Homie of the Day: David – Connected: Part 2

Last week’s post explored how social networks connect people.  Operating as their own organisms, these networks are strongest and most helpful to the people within them when network connections carry love – altruism, reciprocity, trust, sympathy, compassion and generosity.  Because we can’t find objective truth, or a definite reality in which we exist, what really binds us together and defines our reality are our sympathies and our social bonds.  In a sense, love is the only reality.  In many ways, we exist only because of our relation to other people and other things.  Now, let’s look past the connectors (people) to the connections themselves and try to see just the lines between the dots, our social bonds.

(Click on the images to go to their source)

 “There is no true person unless there are two entering into communication with another. The isolated individual is not a real person. A real person is one who lives in and for others. And the more personal relationships we form with others, the more we truly realize ourselves as person.”
-English Orthodox Bishop and Oxford Theologian Kallistos Ware

Social bonds exist not just between individuals; they are actual parts of our social networks. These bonds give our networks structure and energy.  They act as some of the strongest personal motivators in existence and are not easily broken. The movie “The Corporation” makes this clear, asking the question, “What makes good people do bad things on behalf of some corporations?”  The answer is the same thing that made the Grinch give back Christmas – our social bonds.

All connections are just energy in some form, and connections are everywhere and in everything – including ourselves. We know everything is made up of atoms, and atoms are almost entirely composed of the space between particles. Then, from atoms to molecules to organs to human beings to social networks we are, strikingly, unconsciously part of – and somewhat controlled by – this series of networks.  This continues on to ecosystems, planets, solar systems, etc.

Art is the connections that exist between images and our senses, such as a shirt being loud or something sounding sweet.  The golden ratio is an expression of the relative nature of art and science.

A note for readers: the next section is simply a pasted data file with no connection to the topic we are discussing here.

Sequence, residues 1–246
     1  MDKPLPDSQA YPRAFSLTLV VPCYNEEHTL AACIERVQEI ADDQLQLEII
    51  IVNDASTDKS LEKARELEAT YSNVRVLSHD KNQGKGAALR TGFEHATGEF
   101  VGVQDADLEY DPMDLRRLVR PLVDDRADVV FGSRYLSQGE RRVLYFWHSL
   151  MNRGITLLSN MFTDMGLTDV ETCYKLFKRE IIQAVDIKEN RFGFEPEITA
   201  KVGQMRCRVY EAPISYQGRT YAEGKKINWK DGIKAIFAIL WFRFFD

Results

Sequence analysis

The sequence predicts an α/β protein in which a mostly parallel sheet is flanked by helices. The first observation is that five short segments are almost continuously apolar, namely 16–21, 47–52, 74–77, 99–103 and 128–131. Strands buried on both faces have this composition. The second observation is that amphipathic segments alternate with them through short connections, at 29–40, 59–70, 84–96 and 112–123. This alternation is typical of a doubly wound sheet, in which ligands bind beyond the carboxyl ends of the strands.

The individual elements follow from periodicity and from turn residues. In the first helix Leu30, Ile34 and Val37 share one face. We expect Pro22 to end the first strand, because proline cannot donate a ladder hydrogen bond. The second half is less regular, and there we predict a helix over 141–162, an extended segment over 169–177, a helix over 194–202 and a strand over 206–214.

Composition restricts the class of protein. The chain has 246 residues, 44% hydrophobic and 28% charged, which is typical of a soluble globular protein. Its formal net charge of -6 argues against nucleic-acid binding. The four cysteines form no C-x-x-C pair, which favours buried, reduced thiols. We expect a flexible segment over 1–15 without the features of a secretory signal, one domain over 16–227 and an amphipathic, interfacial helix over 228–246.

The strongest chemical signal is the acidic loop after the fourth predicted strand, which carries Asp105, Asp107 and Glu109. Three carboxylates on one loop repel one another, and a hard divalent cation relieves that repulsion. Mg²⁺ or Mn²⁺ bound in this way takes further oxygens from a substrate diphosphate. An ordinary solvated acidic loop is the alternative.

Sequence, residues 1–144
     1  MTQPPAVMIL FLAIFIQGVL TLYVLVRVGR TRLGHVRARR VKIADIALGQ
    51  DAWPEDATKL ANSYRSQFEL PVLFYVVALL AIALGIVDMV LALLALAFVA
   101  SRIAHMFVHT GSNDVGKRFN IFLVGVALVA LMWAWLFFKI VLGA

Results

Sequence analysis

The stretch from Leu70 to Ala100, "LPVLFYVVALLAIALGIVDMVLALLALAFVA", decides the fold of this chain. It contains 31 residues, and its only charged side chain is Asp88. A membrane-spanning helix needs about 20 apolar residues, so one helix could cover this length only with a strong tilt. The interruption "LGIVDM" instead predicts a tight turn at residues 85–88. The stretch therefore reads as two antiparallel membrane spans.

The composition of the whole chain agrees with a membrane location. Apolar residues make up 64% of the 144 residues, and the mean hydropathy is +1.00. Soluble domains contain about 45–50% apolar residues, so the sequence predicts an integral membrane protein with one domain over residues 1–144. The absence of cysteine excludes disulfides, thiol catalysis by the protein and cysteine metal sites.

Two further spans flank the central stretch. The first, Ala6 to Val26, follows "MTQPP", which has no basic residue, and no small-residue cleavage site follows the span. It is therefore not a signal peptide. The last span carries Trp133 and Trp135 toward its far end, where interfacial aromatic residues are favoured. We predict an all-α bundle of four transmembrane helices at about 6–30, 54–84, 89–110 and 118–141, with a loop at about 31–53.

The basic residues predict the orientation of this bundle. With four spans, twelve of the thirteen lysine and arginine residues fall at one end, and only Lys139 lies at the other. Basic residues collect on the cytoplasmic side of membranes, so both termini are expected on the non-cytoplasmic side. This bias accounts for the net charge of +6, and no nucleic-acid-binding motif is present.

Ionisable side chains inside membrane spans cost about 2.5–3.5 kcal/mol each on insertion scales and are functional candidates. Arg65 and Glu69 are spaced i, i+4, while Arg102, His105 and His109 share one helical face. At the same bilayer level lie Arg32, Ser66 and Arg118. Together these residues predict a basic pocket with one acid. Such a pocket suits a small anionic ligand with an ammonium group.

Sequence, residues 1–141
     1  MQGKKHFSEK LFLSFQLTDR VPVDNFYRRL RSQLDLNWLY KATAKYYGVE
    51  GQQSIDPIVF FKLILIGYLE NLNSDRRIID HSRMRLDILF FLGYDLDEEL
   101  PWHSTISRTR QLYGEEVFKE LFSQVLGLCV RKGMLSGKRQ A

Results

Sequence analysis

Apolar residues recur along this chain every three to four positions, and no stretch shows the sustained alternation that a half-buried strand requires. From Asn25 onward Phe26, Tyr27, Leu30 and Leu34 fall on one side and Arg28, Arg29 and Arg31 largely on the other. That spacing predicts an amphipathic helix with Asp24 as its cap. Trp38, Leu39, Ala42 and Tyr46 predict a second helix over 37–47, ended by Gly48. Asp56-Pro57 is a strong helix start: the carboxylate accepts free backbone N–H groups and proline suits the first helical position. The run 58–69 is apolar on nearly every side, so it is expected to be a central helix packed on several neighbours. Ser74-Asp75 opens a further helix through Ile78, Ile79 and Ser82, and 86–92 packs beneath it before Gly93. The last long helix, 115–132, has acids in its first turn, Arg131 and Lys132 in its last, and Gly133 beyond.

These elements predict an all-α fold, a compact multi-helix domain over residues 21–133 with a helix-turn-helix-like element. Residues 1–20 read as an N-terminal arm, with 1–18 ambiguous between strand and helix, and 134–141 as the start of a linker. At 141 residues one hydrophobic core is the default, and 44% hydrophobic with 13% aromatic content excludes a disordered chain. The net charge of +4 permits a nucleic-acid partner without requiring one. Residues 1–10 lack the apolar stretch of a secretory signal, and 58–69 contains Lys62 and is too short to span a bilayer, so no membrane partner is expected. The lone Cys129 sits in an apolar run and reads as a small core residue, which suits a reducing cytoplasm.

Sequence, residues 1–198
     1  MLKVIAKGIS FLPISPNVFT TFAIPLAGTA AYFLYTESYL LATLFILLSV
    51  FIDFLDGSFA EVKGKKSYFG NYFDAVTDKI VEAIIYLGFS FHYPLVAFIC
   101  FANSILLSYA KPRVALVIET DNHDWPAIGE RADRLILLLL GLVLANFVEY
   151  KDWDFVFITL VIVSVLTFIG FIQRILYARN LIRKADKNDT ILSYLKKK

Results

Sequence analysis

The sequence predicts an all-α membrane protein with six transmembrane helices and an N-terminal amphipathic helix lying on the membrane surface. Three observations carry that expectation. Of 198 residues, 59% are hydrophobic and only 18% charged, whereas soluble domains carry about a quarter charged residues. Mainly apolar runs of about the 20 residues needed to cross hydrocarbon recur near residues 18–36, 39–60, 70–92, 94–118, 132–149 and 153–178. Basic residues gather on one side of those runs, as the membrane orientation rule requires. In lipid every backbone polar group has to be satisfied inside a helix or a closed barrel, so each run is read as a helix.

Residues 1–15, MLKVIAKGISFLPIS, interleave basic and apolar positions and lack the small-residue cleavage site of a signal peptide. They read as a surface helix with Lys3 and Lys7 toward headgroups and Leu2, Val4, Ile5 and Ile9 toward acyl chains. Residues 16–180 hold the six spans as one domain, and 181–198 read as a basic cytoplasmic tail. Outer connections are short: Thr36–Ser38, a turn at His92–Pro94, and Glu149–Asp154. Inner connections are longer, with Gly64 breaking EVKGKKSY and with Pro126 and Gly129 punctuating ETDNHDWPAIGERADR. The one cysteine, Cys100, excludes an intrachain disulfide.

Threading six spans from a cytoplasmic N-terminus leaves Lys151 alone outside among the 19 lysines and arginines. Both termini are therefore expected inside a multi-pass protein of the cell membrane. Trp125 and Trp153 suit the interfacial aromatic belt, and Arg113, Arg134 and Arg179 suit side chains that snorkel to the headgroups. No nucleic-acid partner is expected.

Einstein’s theory of relativity states something similar.  It explains gravity connecting things as well as the interaction of space and time.  Everything is connected, or relative.  And e=MC2 literally means that all matter is energy; even the smallest amount of matter is an unimaginable amount of energy.  Seen together, everything is energy and everything is connected, operating with varying waves and vibrations.

Back to social networks, our connections are everywhere and exponentially outnumber us.  They can be carrying love or hate, positivity or negativity.  We can literally create atmospheres of love or social environments that feel toxic.

We just discovered that connections can overpower us; they are predictive of 70% of our behavior. But just because love is binding us together doesn’t mean that we can stop acting for ourselves.

Some people consciously manipulate social networks and restrict connections (Union busting and Middle Eastern tyranny are prime examples of this type of action).  Our networks can unconsciously hurt us as well.  Rioting Penn State students were likely just trying to show their love and loyalty, but they were tragically misguided.  The students in question were allowing their hearts and the connections between them to trump their brains, which were hopefully telling them that their coach has flaws.  If people don’t stand up and speak up for what they believe, then our networks can become dangerous places.  This is no small task, because social networks will react to individuals who introduce damaging truths or behaviors.

The good news is that we have far more influence than we realize, and standing up for your beliefs can be contagious both for yourself and others.  Plus, there seems to be a natural equilibrium of fairness within our networks and a demand for natural balance and harmony within ourselves.  Thinking and acting for yourself can be scary, but it’s critical to the well being of your social network, which thrives on openness and honesty. To heal a network that cycles negativity (be it civil war or family feuds), try honesty and forgiveness.

Suddenly, lessons from childhood ring true:

“Your integrity is paramount, protect it at all costs.” – Dad

“Know thyself.” – Mom (and a many other)

“Trust in yourself, do what’s right.” – Suz (Godmother)

“Be your own best friend, don’t beat up on yourself.” – Me

90% of life is showing up.

Remember, the only reality we know is the one that socially binds us together, most likely with love .  You and your social network need strong, loving, independent influences.  So be as good to yourself as possible and be the person we all need.  Then invest some love into your social networks, it will compound and come back to you – especially because the number of connections in our world is exploding.

5 comments
  1. David, you did it, you did it! My thanks for your clarity and insight. suz

  2. Edward said:

    Ok, I’m very aware of my bias, but these two posts on Connected should be published. And credit should be given to sisterdisco.com for its initial publication. Not only a thoughtful and commanding overview of the book, but written with more style and personal connection with the reader than the book.

  3. mom said:

    fabulous! and what appropriate pictures and videos, remember as the Oracle of Delphi said, Know Thyself! and what a lot there is to know.

  4. Pingback: Connected Redux |

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